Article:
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Saint of the Day—available on the iPhone!

Saint of the Day
Catholic saints are holy people and human people who lived extraordinary lives. Each saint the Church honors responded to God's invitation to use his or her unique gifts. God calls each one of us to be a saint. Click here to receive Saint of the Day in your email.

January 3
Most Holy Name of Jesus



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In a world of fiercely guarded corporate names and logos, it should be easy to understand this feast. The letters IHS are an abbreviation of Jesous, the Greek name for Jesus.

Although St. Paul might claim credit for promoting devotion to the Holy Name because Paul wrote in Philippians that God the Father gave Christ Jesus “that name that is above every name” (see 2:9), this devotion became popular because of 12th-century Cistercian monks and nuns but especially through the preaching of St. Bernardine of Siena, a 15th-century Franciscan (May 20).

Bernardine used devotion to the Holy Name of Jesus as a way of overcoming bitter and often bloody class struggles and family rivalries or vendettas in Italian city-states. The devotion grew, partly because of Franciscan and Dominican preachers. It spread even more widely after the Jesuits began promoting it in the 16th century.

In 1530, Pope Clement V approved an Office of the Holy Name for the Franciscans. In 1721, Pope Innocent XIII extended this feast to the entire Church.



Comment:

Jesus died and rose for the sake of all people. No one can trademark or copyright Jesus' name. Jesus is the Son of God and son of Mary. Everything that exists was created in and through the Son of God (see Colossians 1:15-20). The name of Jesus is debased if any Christian uses it as justification for berating non-Christians. Jesus reminds us that because we are all related to him we are, therefore, all related to one another.

Quote:

“Glorious name, gracious name, name of love and of power! Through you sins are forgiven, through you enemies are vanquished, through you the sick are freed from their illness, through you those suffering in trials are made strong and cheerful. You bring honor to those who believe, you teach those who preach, you give strength to the toiler, you sustain the weary” (St. Bernardine of Siena).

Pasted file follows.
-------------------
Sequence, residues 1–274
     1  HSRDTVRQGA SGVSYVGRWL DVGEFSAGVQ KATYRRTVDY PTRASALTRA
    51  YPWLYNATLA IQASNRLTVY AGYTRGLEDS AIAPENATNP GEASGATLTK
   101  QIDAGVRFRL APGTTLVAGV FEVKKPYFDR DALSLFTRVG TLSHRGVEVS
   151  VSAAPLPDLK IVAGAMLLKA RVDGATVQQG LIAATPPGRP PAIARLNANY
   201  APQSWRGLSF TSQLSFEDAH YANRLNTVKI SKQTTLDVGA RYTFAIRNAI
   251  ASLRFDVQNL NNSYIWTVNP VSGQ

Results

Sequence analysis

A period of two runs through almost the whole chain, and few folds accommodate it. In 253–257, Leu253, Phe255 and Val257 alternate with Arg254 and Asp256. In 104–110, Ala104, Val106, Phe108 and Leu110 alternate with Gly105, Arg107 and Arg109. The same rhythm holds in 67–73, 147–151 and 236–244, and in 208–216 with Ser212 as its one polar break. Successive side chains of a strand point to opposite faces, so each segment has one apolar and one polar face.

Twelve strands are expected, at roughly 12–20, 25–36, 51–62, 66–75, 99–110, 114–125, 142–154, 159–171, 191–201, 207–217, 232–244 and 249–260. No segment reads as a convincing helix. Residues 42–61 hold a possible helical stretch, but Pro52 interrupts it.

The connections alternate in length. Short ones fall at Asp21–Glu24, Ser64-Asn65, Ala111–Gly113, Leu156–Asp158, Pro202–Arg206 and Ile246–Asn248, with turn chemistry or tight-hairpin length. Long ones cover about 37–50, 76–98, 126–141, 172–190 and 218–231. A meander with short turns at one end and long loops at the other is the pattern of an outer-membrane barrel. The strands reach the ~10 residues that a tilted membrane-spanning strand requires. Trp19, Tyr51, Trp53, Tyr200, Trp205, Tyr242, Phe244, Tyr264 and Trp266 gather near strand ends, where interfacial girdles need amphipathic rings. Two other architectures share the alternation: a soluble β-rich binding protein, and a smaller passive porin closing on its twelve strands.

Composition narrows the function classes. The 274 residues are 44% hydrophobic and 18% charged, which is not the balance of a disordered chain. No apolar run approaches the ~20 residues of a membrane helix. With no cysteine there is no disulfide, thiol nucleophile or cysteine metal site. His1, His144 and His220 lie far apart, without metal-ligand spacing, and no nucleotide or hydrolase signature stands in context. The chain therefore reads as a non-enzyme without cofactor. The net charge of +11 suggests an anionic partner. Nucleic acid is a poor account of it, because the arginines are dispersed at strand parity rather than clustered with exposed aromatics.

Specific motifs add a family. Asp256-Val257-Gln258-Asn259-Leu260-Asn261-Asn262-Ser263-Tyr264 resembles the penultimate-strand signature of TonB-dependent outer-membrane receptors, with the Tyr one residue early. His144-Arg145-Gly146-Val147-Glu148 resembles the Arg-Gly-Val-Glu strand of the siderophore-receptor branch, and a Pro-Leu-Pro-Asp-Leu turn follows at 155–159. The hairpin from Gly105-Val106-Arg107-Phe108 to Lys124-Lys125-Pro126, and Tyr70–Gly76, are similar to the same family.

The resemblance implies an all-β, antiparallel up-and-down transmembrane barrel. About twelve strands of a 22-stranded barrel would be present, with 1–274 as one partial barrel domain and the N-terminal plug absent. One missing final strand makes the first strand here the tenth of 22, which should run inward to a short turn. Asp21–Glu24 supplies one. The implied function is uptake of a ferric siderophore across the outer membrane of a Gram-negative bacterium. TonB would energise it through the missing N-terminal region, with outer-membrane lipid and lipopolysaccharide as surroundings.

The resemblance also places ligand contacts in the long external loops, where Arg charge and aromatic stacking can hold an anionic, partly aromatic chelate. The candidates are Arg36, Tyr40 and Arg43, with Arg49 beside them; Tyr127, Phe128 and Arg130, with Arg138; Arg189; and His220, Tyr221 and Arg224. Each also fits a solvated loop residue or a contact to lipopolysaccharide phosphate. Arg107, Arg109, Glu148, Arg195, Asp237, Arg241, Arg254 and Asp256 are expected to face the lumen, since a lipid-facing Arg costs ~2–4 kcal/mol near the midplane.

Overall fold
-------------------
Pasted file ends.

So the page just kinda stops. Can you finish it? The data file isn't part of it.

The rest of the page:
Saturday, January 3, 2015
Saint of the Day for 1/2/2015 Saint of the Day for 1/4/2015

Saint of the Day
Lives, Lessons and Feast
By Leonard Foley, O.F.M.; revised by Pat McCloskey, O.F.M.



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Hilary of Arles: It’s been said that youth is wasted on the young. In some ways, that was true for today’s saint. 
<p>Born in France in the early fifth century, Hilary came from an aristocratic family. In the course of his education he encountered his relative, Honoratus, who encouraged the young man to join him in the monastic life. Hilary did so. He continued to follow in the footsteps of Honoratus as bishop. Hilary was only 29 when he was chosen bishop of Arles. </p><p>The new, youthful bishop undertook the role with confidence. He did manual labor to earn money for the poor. He sold sacred vessels to ransom captives. He became a magnificent orator. He traveled everywhere on foot, always wearing simple clothing. </p><p>That was the bright side. Hilary encountered difficulty in his relationships with other bishops over whom he had some jurisdiction. He unilaterally deposed one bishop. He selected another bishop to replace one who was very ill–but, to complicate matters, did not die! Pope St. Leo the Great kept Hilary a bishop but stripped him of some of his powers. </p><p>Hilary died at 49. He was a man of talent and piety who, in due time, had learned how to be a bishop.</p> American Catholic Blog You, you're the one! You're the one who does something nice for one person, and they turn around and do something nice for someone else. You're the one who changes the world!

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